So here will be my one and only open criticism of the president's speech.
For the record, I disagree with the 2011 time line that the president laid out. But I'm not convinced that it is a hard and fast date.
And as Commander-in-Chief, I have determined that it is in our vital national interest to send an additional 30,000 U.S. troops to Afghanistan. After 18 months, our troops will begin to come home.
The president doesn't say that all troops will be withdrawn in 2011, nor does he even say that all of the reinforcements will come home. He says they will start coming home. Keep in mind that the military moves slower coming out of a war zone than it does going in. While the new A-stan surge will take at least 6 months to ramp up, I wouldn't be surprised if it takes 9 months or longer to ramp down and bring them out of theater. If that process begins in summer 2011, that means the last of the reinforcements would be coming home in spring of 2012. And that just gets us back to the current troop level. The surge in Iraq wasn't open ended either. It was intended (if not publicly stated) that it would be a temporary troop increase, and Pres Bush warned Iraqis that the US would withdraw if it didn't take a more active role in its own security.
Let me be clear: there has never been an option before me that called for troop deployments before 2010, so there has been no delay or denial of resources necessary for the conduct of the war.
This is disingenuous at best, and at worst shows a poor understanding of how the military works. Everyone in the military knew that Gen McCrystal wanted more troops before the White House admitted it, a point that GreyHawk made embarrassingly clear back in September. The president's three months of public dithering was proceeded by several weeks of refusing to let Gen McCrystal make his troop request.
Furthermore, the last three months of indecision now mean that the surge brigades will have to rush to get ready. Some Marine units will be leaving within the month. While this is certainly something that members of the military are aware can happen, the question is whether or not it needed to happen. Across America in the next few weeks, units that thought they had 6-9 months before their next deployment will be told they have only 1 or 2 months to get ready. This will be a leadership challenge, as well a a logistical one, but the worst impact will be on the part of the military that has the least say in the matter-the families. It would have gone a long way towards smoothing this over if President Obama would have addressed the families of those troops being sent, even if just one line or two.
In the wake of an economic crisis, too many of our friends and neighbors are out of work and struggle to pay the bills, and too many Americans are worried about the future facing our children. Meanwhile, competition within the global economy has grown more fierce. So we simply cannot afford to ignore the price of these wars.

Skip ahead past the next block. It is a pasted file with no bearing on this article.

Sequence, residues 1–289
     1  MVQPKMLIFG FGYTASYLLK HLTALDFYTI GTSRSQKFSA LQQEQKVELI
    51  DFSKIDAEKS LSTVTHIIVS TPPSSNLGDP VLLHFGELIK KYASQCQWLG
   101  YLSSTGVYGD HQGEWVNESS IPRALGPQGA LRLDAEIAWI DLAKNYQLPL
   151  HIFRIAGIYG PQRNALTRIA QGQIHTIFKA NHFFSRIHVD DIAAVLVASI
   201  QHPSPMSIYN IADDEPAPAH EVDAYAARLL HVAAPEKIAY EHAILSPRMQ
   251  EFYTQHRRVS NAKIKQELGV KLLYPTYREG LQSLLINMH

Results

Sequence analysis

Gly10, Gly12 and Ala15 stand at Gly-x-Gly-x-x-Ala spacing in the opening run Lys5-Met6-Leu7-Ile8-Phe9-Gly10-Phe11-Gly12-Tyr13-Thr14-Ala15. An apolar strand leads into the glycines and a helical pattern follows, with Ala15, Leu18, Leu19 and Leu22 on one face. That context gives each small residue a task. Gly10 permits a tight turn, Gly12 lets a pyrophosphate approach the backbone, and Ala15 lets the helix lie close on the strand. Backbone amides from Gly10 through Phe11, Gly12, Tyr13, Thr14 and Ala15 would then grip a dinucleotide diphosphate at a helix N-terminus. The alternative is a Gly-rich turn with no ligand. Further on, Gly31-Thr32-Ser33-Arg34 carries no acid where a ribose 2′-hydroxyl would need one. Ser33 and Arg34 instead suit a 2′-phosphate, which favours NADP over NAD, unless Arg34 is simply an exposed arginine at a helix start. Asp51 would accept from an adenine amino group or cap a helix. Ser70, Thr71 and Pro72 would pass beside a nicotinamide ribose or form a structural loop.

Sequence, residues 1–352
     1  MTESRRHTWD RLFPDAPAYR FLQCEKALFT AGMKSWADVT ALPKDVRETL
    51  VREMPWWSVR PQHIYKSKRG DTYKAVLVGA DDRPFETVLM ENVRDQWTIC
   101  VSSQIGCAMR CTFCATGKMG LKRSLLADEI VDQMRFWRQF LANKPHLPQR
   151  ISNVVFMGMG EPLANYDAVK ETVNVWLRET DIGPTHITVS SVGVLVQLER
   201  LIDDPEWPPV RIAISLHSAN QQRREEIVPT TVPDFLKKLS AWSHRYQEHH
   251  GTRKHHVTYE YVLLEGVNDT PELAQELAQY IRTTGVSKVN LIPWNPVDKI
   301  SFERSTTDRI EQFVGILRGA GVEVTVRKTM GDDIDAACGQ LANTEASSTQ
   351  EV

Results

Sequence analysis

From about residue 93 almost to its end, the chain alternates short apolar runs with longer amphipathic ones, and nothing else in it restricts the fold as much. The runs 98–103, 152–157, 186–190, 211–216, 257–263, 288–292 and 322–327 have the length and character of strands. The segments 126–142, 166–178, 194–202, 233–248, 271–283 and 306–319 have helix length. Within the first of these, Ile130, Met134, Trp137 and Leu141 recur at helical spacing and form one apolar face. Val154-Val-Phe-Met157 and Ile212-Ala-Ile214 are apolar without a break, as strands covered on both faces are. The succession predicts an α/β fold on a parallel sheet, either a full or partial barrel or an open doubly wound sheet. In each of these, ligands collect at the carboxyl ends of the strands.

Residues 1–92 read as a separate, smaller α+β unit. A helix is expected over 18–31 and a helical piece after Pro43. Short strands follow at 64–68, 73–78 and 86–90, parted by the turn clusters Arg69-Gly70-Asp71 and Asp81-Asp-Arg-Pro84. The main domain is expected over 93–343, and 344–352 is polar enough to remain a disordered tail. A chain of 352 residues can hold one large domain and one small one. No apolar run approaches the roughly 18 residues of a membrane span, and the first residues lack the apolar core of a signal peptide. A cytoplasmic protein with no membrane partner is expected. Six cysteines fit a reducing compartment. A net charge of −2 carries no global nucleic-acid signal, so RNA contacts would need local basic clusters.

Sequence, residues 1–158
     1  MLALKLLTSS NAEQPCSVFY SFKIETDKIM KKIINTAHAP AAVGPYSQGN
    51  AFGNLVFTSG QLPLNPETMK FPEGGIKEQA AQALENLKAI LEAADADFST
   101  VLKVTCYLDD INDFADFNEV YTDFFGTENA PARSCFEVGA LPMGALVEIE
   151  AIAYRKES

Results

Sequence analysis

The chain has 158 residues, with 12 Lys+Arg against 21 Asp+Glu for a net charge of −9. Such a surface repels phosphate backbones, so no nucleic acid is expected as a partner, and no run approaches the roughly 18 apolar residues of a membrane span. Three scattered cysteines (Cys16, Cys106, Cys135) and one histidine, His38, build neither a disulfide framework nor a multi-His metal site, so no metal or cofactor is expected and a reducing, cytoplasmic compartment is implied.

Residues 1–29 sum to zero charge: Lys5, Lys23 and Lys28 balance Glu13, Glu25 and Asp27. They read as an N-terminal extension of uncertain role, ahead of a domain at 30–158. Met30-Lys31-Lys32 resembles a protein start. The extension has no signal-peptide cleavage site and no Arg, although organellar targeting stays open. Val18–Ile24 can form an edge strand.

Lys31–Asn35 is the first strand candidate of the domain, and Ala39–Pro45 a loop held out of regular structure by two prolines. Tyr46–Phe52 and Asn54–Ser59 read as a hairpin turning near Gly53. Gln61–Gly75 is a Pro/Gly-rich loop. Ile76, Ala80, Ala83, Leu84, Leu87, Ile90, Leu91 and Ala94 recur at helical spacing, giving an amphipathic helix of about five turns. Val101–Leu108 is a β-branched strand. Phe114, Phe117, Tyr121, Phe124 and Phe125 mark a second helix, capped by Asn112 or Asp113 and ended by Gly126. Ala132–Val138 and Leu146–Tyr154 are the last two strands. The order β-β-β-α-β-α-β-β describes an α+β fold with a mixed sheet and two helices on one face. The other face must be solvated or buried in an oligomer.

This is the worst part of the entire speech, in my opinion. Pure partisan politics has no place in a speech about the military mission in A-stan, nor should the cadets at West Point have been used for partisan ideology. Pres Obama's unrestrained fiscal spending on a variety of pork barrel projects, capped by the mother of all pork bills, the 2009 stimuless act, makes him completely unbelievable when he complains about the cost of the War on Terror. In fact, it violates his own grasp of economics that more government spending is the way to pull the economy out of the tank. Where will the spending for this surge go? More bullets, more bombs, and more equipment. Wont that stimulate the economy? Take that line of thinking one step further and you could argue that every Reserve or National Guardsmen deployed to Afghanistan is a job saved or created. Either the job they leave behind can be filled by someone else for a year while they are deployed, or if they were already unemployed, now they have a paying job for a year. Unlike Recovery.gov, these jobs would be real and verified.
Now that my complaints have been aired, I want to stress my main point again. Conservatives need to rally behind the president in support of the mission. Clearly it will be high irony for conservatives to have to defend President Obama against the liberal left and especially the rabid anti-war movement. But the troops deserve nothing less than an enthusiastic and vocal support for the commander in chief.
Back in early 2007, at the height of the surge protests, a soldier in Iraq wrote this-
That's it, I am fed up with every member of the US Senate. The disgusting display of politics this past ten days is worse than I ever believed possible. No matter what side of the aisle, 100 men and women spent the last week dithering and pontificating about a military plan they have no intention or ability to change. All the while they have been providing the enemy with sound bites to show each other how close we are to turning tail and running from Iraq and Islamic terrorism. You would think I should be able to find 99 other soldiers here in Iraq from 49 other states to run for the Senate and boot everyone of these cowards out of office. I really can't express how disgusting this is.
That soldier was me, and my disgust wasn't just with Democrats or liberals. It was with every politician trying to use the war for political gain, and especially the former soldiers in Congress who should know better that once the decision to go to war is made, we need to get behind the president and support the mission.